The force is good at treating its workforce with fairness and respect. Its leaders actively seek feedback and challenge from the workforce and make changes as a result. Although the force has yet to put its wellbeing strategy fully into practice, the support it offers to its workforce is good. It values wellbeing and provides good support to its workforce, although it could understand more clearly the risks and threats to its personnel in this respect, and prioritise the services it provides accordingly. The force needs to develop its system for assessing performance (performance development review process, or PDR) and link this to the career aspirations of individuals and the offer of development opportunities. The force has used external recruitment effectively to address gaps in its capability.
To what extent does the force treat all of the people it serves with fairness and respect?
Force leaders can demonstrate the value and benefits of procedural justice, and the workforce understands the importance of treating the people it serves with fairness and respect. All frontline officers receive training in communication skills, including empathy and listening. External scrutiny of the force is good and benefits from a wide and diverse membership (particularly considering the small resident population of the force area), but the community scrutiny group would be improved by having an independent chair.
The force’s recording of reasonable grounds to stop and search people must improve. Some officers do not understand what constitutes reasonable grounds or do not know how to record reasonable grounds correctly on stop and search records. The force does not have adequate internal scrutiny of stop and search.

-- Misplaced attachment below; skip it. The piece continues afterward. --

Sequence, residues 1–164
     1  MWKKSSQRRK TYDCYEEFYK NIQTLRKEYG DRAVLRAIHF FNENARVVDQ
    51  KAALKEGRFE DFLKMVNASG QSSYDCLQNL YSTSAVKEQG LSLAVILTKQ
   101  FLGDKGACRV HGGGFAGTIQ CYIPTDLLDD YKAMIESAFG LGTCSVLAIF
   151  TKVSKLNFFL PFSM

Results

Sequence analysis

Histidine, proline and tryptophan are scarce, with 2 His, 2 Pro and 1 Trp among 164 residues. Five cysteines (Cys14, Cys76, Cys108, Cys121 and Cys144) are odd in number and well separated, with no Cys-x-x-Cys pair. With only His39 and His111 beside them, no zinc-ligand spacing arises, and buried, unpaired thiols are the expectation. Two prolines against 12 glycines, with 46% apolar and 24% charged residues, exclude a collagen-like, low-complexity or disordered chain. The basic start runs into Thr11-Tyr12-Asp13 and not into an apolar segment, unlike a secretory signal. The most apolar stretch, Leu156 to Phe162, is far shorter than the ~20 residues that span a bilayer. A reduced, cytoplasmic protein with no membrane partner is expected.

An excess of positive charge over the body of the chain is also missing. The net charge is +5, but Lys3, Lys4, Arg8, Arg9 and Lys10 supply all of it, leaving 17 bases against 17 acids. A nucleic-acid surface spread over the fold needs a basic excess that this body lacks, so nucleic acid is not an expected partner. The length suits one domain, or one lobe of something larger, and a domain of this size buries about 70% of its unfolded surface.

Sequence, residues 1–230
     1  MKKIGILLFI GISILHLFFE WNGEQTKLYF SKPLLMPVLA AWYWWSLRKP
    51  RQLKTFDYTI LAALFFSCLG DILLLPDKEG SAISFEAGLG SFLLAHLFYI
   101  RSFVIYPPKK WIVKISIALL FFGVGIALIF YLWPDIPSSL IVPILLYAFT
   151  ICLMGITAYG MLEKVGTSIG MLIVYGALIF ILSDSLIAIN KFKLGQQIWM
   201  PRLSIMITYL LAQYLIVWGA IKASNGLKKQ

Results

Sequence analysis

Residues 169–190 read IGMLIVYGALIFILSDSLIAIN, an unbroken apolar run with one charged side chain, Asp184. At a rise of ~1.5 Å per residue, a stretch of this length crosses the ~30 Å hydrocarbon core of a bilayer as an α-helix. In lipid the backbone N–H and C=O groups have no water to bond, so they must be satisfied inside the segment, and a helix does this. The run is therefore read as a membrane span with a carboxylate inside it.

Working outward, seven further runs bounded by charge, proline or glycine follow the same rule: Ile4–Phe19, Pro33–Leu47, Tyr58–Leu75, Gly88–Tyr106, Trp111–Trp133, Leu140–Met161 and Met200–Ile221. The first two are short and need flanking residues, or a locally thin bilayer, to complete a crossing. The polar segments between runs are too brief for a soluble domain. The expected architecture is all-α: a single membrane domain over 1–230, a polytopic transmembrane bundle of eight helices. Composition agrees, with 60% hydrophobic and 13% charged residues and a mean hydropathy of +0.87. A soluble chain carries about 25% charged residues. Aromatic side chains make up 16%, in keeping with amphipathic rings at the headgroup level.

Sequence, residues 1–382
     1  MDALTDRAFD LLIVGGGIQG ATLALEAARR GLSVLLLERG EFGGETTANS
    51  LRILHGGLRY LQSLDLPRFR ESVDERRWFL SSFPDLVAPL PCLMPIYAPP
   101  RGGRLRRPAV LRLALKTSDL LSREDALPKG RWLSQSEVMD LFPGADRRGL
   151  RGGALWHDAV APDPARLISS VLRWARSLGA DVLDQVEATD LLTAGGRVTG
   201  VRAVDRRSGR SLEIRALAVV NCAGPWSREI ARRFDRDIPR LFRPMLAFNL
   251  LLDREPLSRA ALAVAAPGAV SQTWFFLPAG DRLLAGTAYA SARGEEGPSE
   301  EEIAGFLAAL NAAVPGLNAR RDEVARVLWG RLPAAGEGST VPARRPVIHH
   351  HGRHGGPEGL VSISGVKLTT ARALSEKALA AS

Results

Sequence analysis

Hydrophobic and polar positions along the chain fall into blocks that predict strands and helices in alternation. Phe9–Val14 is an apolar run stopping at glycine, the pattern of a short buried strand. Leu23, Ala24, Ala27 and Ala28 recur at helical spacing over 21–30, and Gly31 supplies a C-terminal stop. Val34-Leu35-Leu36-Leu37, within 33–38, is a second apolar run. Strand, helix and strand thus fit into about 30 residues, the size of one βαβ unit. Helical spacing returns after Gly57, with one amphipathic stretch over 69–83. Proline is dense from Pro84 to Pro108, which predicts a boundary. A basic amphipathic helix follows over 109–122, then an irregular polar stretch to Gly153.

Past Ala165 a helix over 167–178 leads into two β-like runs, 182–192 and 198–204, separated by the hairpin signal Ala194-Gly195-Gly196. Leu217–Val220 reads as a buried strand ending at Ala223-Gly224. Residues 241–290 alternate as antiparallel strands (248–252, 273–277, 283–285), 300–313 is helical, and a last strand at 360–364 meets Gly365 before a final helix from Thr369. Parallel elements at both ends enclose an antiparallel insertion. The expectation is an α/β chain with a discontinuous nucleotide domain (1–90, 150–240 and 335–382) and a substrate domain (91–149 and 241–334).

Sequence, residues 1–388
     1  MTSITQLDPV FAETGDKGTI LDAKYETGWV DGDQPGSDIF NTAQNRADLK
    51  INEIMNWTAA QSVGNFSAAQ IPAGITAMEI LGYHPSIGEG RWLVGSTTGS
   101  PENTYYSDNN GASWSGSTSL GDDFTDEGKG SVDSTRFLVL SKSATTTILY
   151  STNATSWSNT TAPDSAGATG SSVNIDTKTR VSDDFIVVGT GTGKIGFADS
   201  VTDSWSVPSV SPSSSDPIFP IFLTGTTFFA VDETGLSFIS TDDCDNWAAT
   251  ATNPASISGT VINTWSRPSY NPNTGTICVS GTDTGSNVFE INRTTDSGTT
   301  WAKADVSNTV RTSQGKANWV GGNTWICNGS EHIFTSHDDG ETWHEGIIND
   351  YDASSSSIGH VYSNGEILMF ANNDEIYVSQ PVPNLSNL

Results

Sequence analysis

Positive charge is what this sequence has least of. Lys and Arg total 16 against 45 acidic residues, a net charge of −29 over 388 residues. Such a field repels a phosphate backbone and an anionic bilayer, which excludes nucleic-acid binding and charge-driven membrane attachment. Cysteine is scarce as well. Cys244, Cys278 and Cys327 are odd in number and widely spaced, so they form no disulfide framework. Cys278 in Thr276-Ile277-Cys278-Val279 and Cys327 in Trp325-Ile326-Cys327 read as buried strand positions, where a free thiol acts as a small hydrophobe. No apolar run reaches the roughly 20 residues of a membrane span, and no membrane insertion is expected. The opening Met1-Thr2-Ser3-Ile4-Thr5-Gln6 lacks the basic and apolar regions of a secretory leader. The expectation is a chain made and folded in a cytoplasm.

Areas for improvement
- The force should ensure that all relevant officers have received appropriate training on the use of stop and search powers.
- The force should maintain and monitor a comprehensive set of data to understand the impact of its use of stop and search powers.
- The force should ensure that all relevant officers and supervisors understand what constitutes reasonable grounds for stop and search and how to record them.
How well does the force ensure that its workforce behaves ethically and lawfully?
We found some areas of good practice in how City of London Police ensures that its workforce behaves ethically and lawfully. Particularly useful is the London police challenge panel forum, which is supported by the strong base for ethical decision making that the force has built up through its integrity standards board and ethics associates. The force also provides initial ethics training for the entire workforce, who receive support and training when they make mistakes; leaders can demonstrate that they consider the ethical implications of their decisions in the context of an established referrals system.